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From the start, “Devil’s Dance” is pure greasy sleaze. Everything about this track is sinister. The stomp that Lars and Jason lock into on this song make this one of the hardest hitting in the band’s discography and really shows the pure power of the rhythm section these two make up. I’ve heard this song called the “Sad But True” of the Load/ReLoad era, and while there’s definitely something to be said for that argument, I feel like the two songs take very different roads within similar instrumental themes. Whereas “Sad But True” is very obviously written to be an anthem, “Devil’s Dance” is more slithery and atmospheric, with a lot of fucked up avant-garde guitar skronk thrown on top for good measure. Like I said earlier, ReLoad is not a great album in the Metallica canon, but “Devil’s Dance” and “Fixxxer” are two absolute gems that deserve more praise than they get.


  1. The Thing That Should Not Be- Master Of Puppets (1986)

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I’ll admit, part of the reason why I love this particular song so much is definitely the lyrics. H.P. Lovecraft is possibly my favorite author of all time, so having a song based exclusively around stories like The Call Of Cthulhu and The Shadow Over Innsmouth is a real treat for me. Lovecraft’s sanity-blasting science fiction horror adapts really well to heavy metal, and few have done it better than Metallica do here. But beyond the lyrics, this is without a doubt one of the heaviest compositions in the band’s songbook. The chug here is absolutely relentless, and the hazy atmospherics slathered on top make for a claustrophobic listen. Combine that with Kirk Hammett’s most creatively bizarre solo ever and you have a truly unique track in the Metallica catalogue.


  1. Don’t Tread On Me- The Black Album (1991)

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Coming off the back of the politically nihilistic …And Justice For All, it’s bizarre to see such a flagrantly patriotic song on the following album. But goddamn, this has to have the most massive chorus in the history of rock music. Few things even come close. The content of the song is total cheese, but it’s so infectious that you can’t help but raise your fist in the air for America a couple of times per listen. There are a bunch of little things that add to the anthemic nature of this song, from the West Side Story quote at the beginning, to the massive tom rolls leading into this beast of a chorus. It’s one of my absolute favorite Metallica songs. Funny thing is that no one else seems to like “Don’t Tread On Me”. The band have only played the song once, and for a band that played three hundred shows in support the album this song was on, that speaks volumes about what the band thinks of the song.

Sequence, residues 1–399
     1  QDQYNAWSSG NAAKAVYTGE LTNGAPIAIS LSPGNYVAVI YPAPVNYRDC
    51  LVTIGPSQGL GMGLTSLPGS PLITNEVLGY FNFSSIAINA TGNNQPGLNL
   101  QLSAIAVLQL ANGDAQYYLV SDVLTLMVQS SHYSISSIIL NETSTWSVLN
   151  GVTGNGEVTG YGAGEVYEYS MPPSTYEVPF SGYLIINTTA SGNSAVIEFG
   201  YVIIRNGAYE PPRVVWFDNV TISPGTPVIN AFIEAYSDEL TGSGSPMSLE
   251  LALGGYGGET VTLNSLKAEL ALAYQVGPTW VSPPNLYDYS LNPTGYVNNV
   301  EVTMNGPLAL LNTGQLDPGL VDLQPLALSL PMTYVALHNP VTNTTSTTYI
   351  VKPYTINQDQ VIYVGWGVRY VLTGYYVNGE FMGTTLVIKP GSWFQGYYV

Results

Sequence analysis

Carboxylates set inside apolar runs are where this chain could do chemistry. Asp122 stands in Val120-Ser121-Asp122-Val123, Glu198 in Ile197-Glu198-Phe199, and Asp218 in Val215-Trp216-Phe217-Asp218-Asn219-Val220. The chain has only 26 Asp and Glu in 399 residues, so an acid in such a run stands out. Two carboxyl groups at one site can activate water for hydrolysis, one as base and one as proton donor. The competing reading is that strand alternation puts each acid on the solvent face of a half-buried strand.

1. No Remorse- Kill ‘Em All (1983)

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This may be a crazily unpopular opinion, but this is by far the best song on Kill ‘Em All. Better than “Seek And Destroy”, better than “Hit The Lights”, better than “The Four Horsemen”. I don’t care what arguments you may have; you can’t convince me otherwise. I don’t have a whole lot to say about “No Remorse” other than it is a prime example of how to write a badass heavy metal song. There’s so much genius built into this track, from the crazy shredding that comes crashing from the gate to the breakneck upward tempo shift in the last minute of the track, but I’m gonna keep this concise by asking you to pay particular attention to the riff that comes right after “war without end!” That slams like nothing else.


1 . The Outlaw Torn- Load (1996)

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It seems fitting that the most underrated Metallica song would come from the most underrated Metallica album. A masterclass in how to construct an epic piece of music using dynamics and mood, the tension and release combined with some avalanche-like crescendos. The word that springs to mind is one that one usually doesn’t associate with Metallica: immersive. The band have constructed an entire world within the nine minutes of this track. That’s something totally unique to this track, and you hang onto Hetfield’s every word. But the final jam and fade out at the song’s end is what gives it a special resonance. The song climaxes at the final chorus and it seems like it’s going to end on the very same dissonant wah pedal riff that started it. But it keeps going, like a mortally wounded man crawling through the desert. The track, from almost nothing, builds back up to a freight train chug before fading out, implying that this character’s journey is far from over. It’s not a triumph either; the musical palette has a chromatically rising chord progression, suggesting a sense of continuing struggle that may well continue for the rest of this man’s life. It’s one of the best album closers of all time, and one of the greatest songwriting achievements Metallica have ever accomplished in my opinion.